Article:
Article 36 [now Article 42 TFEU] pursuant to which: The provisions of
the chapter relating to rules on competition shall apply to production of
and trade in agricultural products only to the extent determined by the
Council.
In accordance with Article 36 [now Article 42 TFEU], the Council
adopted Regulation 26/62, which made Articles 101 and 102 applicable to a
large number of agricultural products. However, this Regulation provided
that Article 101 would be inapplicable to agreements, decisions and practices that:
form an integral part of a national market organisation or are
necessary for attainment of the objectives set out in Article 39 of
the Treaty. In particular, it shall not apply to agreements, decisions and practices of farmers, farmers associations, or associations of such associations belonging to a single Member State
which concern the production or sale of agricultural products or
the use of joint facilities for the storage, treatment or processing of
agricultural products, and under which there is no obligation to
charge identical prices, unless the Commission finds that competition is thereby excluded or that the objectives of Article 39 of the
Treaty are jeopardised.313
The Commission enjoys exclusive jurisdiction to decide which agreements,
decisions and practices benefit from the above exception.314 Article 102 and
the EU Merger Regulation, however, apply in full to markets for agricultural products.
b. TRANSPORT. The fact that Title V of the now defunct EC Treaty laid
down a Common Transport Policy did not prevent the ECJ, in the
seminal Asjes case, from holding that absent explicit provisions enacting a
specific competition regime for the transport sector, the competition rules
of the Treaty could apply as such.315 However, as far as competition rules
313. See Council Regulation 26 applying certain rules of competition to production of
and trade in agricultural products, O.J. 1962, p. 993.
314. Id. at Article 2(2) (emphasis added).
315. See ECJ, Joined cases 209 to 213/84, Criminal proceedings against Lucas Asjes and
others, Andrew Gray and others, Andrew Gray and others, Jacques Maillot and others and Leo
Ludwig and others, [1986] ECR1425. Note that Regulation 1/2003 at Recital 36 repealed
Council Regulation 141 of 26 November 1962 exempting transport from the application of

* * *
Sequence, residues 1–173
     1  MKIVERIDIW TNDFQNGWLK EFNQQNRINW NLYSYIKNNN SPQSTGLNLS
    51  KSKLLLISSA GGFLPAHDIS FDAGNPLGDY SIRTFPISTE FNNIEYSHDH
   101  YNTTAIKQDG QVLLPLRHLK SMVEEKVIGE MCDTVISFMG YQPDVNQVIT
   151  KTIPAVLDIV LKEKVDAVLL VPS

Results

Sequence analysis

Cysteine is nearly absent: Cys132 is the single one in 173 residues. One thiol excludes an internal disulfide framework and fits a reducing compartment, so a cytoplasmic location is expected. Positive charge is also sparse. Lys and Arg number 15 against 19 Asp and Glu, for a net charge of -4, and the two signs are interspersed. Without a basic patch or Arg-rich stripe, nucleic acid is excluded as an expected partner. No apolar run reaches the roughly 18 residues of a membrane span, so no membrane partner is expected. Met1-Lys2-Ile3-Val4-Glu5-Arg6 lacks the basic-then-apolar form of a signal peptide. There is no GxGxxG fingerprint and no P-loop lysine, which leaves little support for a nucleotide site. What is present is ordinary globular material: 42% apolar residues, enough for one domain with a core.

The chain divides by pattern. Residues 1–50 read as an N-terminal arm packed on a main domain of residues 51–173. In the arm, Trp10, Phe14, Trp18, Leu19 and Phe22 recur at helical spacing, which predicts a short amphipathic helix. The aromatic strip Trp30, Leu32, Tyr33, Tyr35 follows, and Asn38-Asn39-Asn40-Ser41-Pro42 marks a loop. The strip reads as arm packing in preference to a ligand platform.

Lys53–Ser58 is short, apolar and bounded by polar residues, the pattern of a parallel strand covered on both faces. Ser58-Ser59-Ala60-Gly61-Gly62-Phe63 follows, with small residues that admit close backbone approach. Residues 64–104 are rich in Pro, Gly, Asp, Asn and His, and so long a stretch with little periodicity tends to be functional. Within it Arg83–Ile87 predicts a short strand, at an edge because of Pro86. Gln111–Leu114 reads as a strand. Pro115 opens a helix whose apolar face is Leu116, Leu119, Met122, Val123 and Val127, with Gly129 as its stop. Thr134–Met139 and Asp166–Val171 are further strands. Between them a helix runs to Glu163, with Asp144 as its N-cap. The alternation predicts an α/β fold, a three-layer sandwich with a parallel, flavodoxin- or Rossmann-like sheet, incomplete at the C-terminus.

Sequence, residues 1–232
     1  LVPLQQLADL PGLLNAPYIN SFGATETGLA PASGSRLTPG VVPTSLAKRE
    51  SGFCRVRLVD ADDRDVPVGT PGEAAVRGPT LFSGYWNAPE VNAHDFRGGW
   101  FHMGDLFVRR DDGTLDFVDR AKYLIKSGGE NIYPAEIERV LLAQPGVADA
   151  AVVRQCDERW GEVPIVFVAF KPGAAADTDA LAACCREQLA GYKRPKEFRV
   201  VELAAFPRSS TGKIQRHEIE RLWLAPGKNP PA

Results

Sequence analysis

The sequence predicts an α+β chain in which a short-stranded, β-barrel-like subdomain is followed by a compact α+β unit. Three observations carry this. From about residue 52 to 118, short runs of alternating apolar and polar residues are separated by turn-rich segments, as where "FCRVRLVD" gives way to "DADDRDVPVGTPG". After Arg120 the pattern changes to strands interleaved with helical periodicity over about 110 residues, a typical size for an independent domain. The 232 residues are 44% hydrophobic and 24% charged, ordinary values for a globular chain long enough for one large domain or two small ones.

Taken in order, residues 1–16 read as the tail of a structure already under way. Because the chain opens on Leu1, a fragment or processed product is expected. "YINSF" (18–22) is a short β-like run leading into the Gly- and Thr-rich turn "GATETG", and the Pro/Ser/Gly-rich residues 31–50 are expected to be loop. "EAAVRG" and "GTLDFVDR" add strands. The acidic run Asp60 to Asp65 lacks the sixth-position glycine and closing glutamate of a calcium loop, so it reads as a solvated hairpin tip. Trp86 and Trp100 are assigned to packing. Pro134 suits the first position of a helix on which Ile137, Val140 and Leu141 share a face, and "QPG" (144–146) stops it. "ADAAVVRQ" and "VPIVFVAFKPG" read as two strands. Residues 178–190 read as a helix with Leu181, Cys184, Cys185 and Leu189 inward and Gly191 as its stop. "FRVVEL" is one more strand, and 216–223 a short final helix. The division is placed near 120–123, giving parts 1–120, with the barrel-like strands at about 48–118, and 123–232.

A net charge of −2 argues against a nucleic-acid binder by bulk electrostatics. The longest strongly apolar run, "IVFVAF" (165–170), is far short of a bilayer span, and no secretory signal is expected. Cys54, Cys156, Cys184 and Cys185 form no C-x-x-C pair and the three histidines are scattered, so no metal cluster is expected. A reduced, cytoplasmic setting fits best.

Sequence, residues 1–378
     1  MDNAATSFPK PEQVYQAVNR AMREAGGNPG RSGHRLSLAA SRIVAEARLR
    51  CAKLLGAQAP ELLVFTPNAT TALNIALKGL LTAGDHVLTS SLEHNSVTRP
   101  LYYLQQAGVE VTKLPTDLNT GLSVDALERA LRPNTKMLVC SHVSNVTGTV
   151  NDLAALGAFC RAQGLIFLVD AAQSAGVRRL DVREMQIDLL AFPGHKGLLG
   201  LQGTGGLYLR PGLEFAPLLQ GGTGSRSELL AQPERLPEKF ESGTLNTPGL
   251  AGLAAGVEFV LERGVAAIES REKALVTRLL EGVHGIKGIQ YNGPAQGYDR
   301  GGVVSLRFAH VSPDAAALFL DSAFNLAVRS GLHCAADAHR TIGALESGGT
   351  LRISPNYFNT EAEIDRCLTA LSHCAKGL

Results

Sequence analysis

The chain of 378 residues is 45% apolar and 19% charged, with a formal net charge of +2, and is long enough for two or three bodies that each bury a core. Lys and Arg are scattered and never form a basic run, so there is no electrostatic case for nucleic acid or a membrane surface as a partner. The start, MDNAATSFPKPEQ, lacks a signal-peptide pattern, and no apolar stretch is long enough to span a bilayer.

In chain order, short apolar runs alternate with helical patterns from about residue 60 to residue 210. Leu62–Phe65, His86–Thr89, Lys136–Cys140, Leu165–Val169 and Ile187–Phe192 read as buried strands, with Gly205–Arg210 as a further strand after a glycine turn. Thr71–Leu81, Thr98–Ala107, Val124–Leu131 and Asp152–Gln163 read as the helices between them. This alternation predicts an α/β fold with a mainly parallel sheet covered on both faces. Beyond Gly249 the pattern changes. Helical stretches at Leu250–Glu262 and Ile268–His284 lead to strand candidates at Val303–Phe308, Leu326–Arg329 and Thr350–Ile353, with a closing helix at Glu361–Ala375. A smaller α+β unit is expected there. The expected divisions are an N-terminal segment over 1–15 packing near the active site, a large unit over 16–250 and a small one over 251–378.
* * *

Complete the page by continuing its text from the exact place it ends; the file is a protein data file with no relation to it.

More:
Regulation 17/62, and led to the revision of the various procedural specificities laid down by

B.

THE REMEDIAL STRUCTURE

are concerned, the transport sector has two distinctive features. First,
Regulation 1/2003 does not apply to:
(a) international tramp vessel services as defined in Article
1(3)(a) of Regulation 4056/86; (b) a maritime transport service that
takes place exclusively between ports in one and the same Member
State as foreseen in Article 1(2) of Regulation 4056/86; (c) air
transport between Community airports and third countries.
Second, the enforcement of the EU competition rules in the transport
sector is shared between DG COMP and the Directorate General for
Transport of the Commission. This, on some occasions, led to internal
conflicts.
c. DEFENSE INDUSTRY. In principle, EU competition rules apply to the
defense industry. However, Article 346 TFEU allows Member States to
refuse to disclose information if that disclosure could run contrary to the
essential interests of [their] security. In addition, Member States may
take measures that are considered necessary for the protection of the
essential interests of [their] security which are connected with the production of or trade in arms, munitions and war material. This provision thus
allows Member States to limit the application of EU competition rules
when they establish that it prejudices their security interests. Article TFEU
insists nonetheless on the fact that these exceptions shall be strictly limited
to products that are intended for specifically military purposes.316
In practice, this provision has only rarely been invoked by the Member
States. In the context of the Matra/Aerospatiale merger, the French authorities enjoined the parties to abstain from notifying the aspects of the
transaction relating to missiles and missiles system.317 The Commission
checked whether the conditions of Article 346 were fulfilled. It came to the
conclusion that the measures taken by the French authorities were necessary for the protection of the essential interests of its security and that they
did not encroach upon non military product markets.318
(5) Effect on Trade Between Member States. EU competition provisions
will only apply provided the agreement or abuse at hand may affect trade
between Member States. The purpose of this condition is to set out a